It isn’t just that his is very big and very fast. It is another quality, the one that was identified when he was given a battery of tests as the only stand-out ability in a long list of failures. Tests showed that he had an extraordinary level of protective instinct and experience showed that he had an extraordinary ability as well.
She was never tested, but Leigh Anne is probably off the charts for protective instinct as well. It is this quality they share that makes us believe in their connection.
And it is another of Leigh Anne’s qualities that keeps the story from getting too sugary. She is kind of obnoxious. Girl-next-door Sandra Bullock shows us Leigh Anne’s determination and passionate dedication to her family and her ideals and makes us understand that she has a bit of a sense of humor about herself. When she has to admit her husband was right about something, she also concedes that the words taste like vinegar. She has no problem telling pretty much everyone from her condescending friends to the high school coach what they should do. But it is her vinegary spirit that makes the situation and the movie work. She does not cry over Oher’s trials and she does not act like he is her St. Bernhard puppy. She is just someone who has a strong sense of justice fueled by her faith, a quality too rarely portrayed in the media. And she has that protective instinct. Oher is not the usual gentle giant, which helps as well. He has a sense of humor and self-respect that makes clear that he is a full partner in becoming a member of the family, giving as much as he gets.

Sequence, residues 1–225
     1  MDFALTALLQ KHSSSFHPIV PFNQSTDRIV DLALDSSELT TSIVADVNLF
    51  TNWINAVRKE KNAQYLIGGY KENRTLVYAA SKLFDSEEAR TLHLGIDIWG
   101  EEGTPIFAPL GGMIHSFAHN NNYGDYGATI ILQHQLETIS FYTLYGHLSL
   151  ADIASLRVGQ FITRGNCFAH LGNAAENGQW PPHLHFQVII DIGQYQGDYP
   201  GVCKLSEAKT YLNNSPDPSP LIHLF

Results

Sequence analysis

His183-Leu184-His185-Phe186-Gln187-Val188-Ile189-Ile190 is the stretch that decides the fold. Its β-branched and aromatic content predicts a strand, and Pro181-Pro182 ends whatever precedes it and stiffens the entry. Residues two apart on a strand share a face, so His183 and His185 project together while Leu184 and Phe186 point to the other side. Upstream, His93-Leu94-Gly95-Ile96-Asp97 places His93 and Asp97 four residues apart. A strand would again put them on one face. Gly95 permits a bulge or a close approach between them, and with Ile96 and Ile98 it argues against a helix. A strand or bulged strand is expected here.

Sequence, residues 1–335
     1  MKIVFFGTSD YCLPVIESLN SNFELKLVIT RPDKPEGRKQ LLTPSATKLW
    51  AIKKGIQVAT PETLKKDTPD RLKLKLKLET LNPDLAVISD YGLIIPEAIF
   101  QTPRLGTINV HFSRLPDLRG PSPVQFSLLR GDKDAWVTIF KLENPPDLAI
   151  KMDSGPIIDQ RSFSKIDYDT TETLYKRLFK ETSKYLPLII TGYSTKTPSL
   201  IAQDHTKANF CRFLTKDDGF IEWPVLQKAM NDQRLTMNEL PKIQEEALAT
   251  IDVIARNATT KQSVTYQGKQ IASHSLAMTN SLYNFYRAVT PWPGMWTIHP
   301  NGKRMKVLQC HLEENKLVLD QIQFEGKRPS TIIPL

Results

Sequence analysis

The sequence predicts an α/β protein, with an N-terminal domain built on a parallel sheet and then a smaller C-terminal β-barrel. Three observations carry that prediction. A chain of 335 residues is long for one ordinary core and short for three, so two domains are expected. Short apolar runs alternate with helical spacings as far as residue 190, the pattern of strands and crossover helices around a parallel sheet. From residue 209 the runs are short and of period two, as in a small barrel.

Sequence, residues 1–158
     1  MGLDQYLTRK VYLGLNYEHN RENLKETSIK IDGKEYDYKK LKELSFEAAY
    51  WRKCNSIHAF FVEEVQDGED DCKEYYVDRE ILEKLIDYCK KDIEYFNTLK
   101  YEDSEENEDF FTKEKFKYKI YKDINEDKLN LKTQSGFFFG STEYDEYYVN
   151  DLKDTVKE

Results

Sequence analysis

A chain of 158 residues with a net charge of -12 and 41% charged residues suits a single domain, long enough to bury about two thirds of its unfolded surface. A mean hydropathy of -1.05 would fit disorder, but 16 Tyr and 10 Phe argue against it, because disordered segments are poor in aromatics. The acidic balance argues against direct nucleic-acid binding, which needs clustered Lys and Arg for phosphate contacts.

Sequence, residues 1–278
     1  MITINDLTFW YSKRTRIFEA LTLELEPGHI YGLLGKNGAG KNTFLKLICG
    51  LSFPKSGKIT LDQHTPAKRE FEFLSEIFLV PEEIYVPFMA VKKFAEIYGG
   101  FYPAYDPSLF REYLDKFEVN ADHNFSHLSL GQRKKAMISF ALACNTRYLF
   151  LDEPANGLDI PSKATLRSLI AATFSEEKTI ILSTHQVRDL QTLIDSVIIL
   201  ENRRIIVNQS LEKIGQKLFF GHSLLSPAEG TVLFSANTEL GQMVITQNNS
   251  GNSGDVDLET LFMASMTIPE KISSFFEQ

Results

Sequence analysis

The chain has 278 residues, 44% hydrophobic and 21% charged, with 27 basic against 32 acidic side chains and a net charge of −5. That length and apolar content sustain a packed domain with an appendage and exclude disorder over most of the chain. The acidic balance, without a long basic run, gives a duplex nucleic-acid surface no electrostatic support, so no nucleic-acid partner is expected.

So this movie is smarter than it had to be, which gives its emotional core even more of punch. You’ve seen the highlights in the trailer. But the quiet moments in between and lovely performances by Bullock, Aaron, and Tim McGraw as Leigh Anne’s husband make this one of the best family films of the year.